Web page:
Gamma matrices
In mathematical physics, the gamma matrices, , also known as the Dirac matrices, are a set of conventional matrices with specific anticommutation relations that ensure they generate a matrix representation of the Clifford algebra Cℓ_{1,3}(R). It is also possible to define higherdimensional gamma matrices. When interpreted as the matrices of the action of a set of orthogonal basis vectors for contravariant vectors in Minkowski space, the column vectors on which the matrices act become a space of spinors, on which the Clifford algebra of spacetime acts. This in turn makes it possible to represent infinitesimal spatial rotations and Lorentz boosts. Spinors facilitate spacetime computations in general, and in particular are fundamental to the Dirac equation for relativistic spin½ particles.
In Dirac representation, the four contravariant gamma matrices are
is the timelike matrix and the other three are spacelike matrices.
Analogous sets of gamma matrices can be defined in any dimension and for any signature of the metric. For example, the Pauli matrices are a set of "gamma" matrices in dimension 3 with metric of Euclidean signature (3,0). In 5 spacetime dimensions, the 4 gammas above together with the fifth gammamatrix to be presented below generate the Clifford algebra.
Mathematical structure
The defining property for the gamma matrices to generate a Clifford algebra is the anticommutation relation
where is the anticommutator, is the Minkowski metric with signature (+ − − −) and is the 4 × 4 identity matrix.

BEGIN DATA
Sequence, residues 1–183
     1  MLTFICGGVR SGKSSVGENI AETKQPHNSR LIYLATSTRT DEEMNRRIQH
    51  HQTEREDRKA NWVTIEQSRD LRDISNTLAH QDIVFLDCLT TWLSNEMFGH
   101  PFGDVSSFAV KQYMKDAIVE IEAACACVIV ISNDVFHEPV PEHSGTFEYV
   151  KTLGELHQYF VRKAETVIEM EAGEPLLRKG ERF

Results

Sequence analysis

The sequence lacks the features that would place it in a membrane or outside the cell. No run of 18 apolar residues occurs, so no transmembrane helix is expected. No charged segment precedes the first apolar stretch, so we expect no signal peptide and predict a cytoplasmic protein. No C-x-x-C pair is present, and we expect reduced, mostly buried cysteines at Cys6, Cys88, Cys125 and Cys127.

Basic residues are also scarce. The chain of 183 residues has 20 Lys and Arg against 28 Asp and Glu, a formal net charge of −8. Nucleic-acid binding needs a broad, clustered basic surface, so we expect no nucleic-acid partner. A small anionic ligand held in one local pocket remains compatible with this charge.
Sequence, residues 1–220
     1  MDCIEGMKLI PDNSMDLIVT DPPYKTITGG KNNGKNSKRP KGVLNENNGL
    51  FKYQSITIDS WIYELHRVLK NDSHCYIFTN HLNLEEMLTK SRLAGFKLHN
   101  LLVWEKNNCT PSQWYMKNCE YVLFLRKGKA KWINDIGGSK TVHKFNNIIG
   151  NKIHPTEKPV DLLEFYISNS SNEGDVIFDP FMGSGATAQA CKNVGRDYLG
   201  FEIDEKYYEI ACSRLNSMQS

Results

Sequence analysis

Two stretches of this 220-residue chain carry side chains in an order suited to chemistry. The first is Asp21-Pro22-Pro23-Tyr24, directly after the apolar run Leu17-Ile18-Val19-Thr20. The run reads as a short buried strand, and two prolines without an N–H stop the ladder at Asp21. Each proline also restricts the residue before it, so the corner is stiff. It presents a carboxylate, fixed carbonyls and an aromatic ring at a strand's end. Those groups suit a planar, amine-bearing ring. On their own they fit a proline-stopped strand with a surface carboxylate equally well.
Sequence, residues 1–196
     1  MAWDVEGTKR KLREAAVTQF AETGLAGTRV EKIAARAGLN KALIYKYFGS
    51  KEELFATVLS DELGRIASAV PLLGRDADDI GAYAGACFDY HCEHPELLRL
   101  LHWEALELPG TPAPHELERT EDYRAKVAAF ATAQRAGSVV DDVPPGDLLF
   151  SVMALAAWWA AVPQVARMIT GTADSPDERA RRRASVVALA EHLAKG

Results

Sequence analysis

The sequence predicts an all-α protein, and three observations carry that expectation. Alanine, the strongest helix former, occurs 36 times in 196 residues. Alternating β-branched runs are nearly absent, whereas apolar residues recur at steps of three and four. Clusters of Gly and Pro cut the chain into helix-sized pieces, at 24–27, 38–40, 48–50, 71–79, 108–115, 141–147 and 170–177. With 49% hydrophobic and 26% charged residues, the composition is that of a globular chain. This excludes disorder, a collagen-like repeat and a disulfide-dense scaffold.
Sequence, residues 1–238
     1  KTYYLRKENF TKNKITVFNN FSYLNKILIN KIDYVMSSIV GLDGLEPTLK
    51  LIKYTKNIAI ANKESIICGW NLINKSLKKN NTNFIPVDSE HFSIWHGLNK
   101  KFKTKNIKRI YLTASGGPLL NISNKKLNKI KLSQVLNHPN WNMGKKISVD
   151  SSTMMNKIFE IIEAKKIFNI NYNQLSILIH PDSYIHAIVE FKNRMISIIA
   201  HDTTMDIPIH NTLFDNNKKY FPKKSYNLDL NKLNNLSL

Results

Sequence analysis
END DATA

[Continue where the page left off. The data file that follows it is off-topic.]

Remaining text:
This defining property is more fundamental than the numerical values used in the specific representation of the gamma matrices. Covariant gamma matrices are defined by
and Einstein notation is assumed.
Note that the other sign convention for the metric, (− + + +) necessitates either a change in the defining equation:
or a multiplication of all gamma matrices by , which of course changes their hermiticity properties detailed below. Under the alternative sign convention for the metric the covariant gamma matrices are then defined by
 .
Physical structure
The Clifford Algebra Cl_{1,3}(R) over spacetime V can be regarded as the set of real linear operators from V to itself, End(V), or more generally, when complexified to Cl_{1,3}(R)_{C}, as the set of linear operators from any 4dimensional complex vector space to itself. More simply, given a basis for V, Cl_{1,3}(R)_{C} is just the set of all 4 × 4 complex matrices, but endowed with a Clifford algebra structure. Spacetime is assumed to be endowed with the Minkowski metric η_{μν}. A space of bispinors, U_{x}, is also assumed at every point in spacetime, endowed with the bispinor representation of the Lorentz group. The bispinor fields Ψ of the Dirac equations, evaluated at any point x in spacetime, are elements of U_{x}, see below. The Clifford algebra is assumed to act on U_{x} as well (by matrix multiplication with column vectors Ψ(x) in U_{x} for all x). This will be the primary view of elements of Cl_{1,3}(R)_{C} in this section.
For each linear transformation S of U_{x}, there is a transformation of End(U_{x}) given by SES^{−1} for E in Cl_{1,3}(R)_{C} ≈ End(U_{x}). If S belongs to a representation of the Lorentz group, then the induced action E ↦ SES^{−1} will also belong to a representation of the Lorentz group, see Representation theory of the Lorentz group.
If S(Λ) is the bispinor representation acting on U_{x} of an arbitrary Lorentz transformation Λ in the standard (4vector) representation acting on V, then there is a corresponding operator on End(U_{x}) = Cl_{1,3}(R)_{C} given by
showing that the γ^{μ} can be viewed as a basis of a representation space of the 4vector representation of the Lorentz group sitting inside the Clifford algebra. This means that quantities of the form